Grand Rapids Racial Discrimination Attorneys

Find the right Racial Discrimination attorney in Grand Rapids, MI

Under the U.S. Constitution and Title VII of the U.S. Code, racial discrimination is prohibited in Michigan. Employers are barred according to theses laws from using race as a basis for hiring, recruitment, setting wage levels, or granting promotions.

What Must Be Proven in a Discrimination Claim?

The Equal Employment Opportunity Commission (EEOC) is the federal agency in charge of investigating workplace discrimination, and employees discriminated against must file a claim with the EEOC before taking the issue to court. To prove racial discrimination, an employer must treat an employee adversely than co-workers who are of a different race or nationality.

In order to succeed on a claim for racial discrimination, the Grand Rapids plaintiff must further show that their employer intended to base the discrimination on race or nationality. Proof of an employer's intent to discriminate can be proven if they have preferentially treated workers of different races than the plaintiff.

How Can a Grand Rapids Lawyer Help with My Claim?

In some cases also, recorded statements made by the employer about racial issues can be used to prove intent. Depending on where you file your claim, the procedural laws will vary considerably, and so a Grand Rapids lawyer will help familiarize you with the requirements for your district. An experienced Michigan lawyer will also assist you in filing your claim with the EEOC, as well as helping you obtain other forms of relief while your claim is being processed.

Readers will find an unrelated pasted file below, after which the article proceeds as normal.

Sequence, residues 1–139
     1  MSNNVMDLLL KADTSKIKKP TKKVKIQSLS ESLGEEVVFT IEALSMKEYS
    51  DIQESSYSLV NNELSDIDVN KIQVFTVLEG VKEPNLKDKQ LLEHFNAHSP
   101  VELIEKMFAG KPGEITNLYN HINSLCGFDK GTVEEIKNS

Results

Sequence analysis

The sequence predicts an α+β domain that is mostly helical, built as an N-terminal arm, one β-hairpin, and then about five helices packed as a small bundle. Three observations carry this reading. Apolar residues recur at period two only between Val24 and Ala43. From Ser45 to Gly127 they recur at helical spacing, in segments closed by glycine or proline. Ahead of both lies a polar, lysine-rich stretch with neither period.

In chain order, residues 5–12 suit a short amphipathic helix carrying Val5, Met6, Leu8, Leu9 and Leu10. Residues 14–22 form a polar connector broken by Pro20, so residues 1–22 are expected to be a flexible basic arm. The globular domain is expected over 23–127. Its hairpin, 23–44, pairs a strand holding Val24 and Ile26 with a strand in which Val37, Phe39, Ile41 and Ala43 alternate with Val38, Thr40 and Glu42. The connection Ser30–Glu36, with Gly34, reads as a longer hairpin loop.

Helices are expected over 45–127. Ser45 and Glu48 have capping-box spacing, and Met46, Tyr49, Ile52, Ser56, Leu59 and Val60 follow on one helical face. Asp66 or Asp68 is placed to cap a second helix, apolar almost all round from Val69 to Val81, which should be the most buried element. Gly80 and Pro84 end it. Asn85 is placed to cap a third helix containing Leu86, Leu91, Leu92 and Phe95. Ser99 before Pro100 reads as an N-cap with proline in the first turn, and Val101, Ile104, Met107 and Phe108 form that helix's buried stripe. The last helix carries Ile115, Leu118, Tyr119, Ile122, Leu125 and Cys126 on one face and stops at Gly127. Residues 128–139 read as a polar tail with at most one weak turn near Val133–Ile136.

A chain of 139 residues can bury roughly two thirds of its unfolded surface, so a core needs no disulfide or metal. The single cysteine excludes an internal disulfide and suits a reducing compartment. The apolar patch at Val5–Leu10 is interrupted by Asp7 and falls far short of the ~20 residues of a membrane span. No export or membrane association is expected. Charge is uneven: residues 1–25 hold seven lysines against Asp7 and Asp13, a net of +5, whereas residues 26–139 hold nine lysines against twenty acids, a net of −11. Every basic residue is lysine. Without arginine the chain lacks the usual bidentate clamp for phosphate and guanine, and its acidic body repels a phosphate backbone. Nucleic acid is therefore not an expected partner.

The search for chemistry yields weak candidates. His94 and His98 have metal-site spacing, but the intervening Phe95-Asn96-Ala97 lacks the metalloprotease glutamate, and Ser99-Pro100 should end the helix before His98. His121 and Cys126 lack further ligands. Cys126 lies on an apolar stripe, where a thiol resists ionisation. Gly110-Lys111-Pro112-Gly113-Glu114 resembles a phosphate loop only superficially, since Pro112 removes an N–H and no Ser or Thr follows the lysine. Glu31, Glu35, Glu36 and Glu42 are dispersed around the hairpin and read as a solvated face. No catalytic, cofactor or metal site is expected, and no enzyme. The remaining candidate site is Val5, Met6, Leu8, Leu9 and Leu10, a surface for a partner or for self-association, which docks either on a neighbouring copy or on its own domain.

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Life in Grand Rapids

Grand Rapids, MI is a city serving as the county seat of Kent County. It is a fairly large city, with a population of slightly under 200,000 people. Human habitation of the area now known as Grand Rapids can be traced back at least 2,000 years, when elements of the Hopewell Culture (a large group of tribes which extended from Canada down the Southeastern U.S., which developed cultural similarities through centuries of trade) lived in the area. By about 1700AD, the Ottawa Indians had moved into the area, and established a permanent presence. Europeans first reached Grand Rapids in the early 1800s, with the first settlers being missionaries and fur traders. In the early 20th Century, Grand Rapids, Michigan became known as "the furniture city" due to its large natural supply of lumber, which lead many famous furniture manufacturers and designers to set up shop there.Modernly, furniture and automotive industries still maintain a presence in Grand Rapids, Michigan. However, their presence has gradually waned over the past decades.

If you live in Grand Rapids, Michigan, and need a good attorney, chances are good that you can find one. Grand Rapids, Michigan lawyers are very qualified to handle virtually any case that comes into their door.

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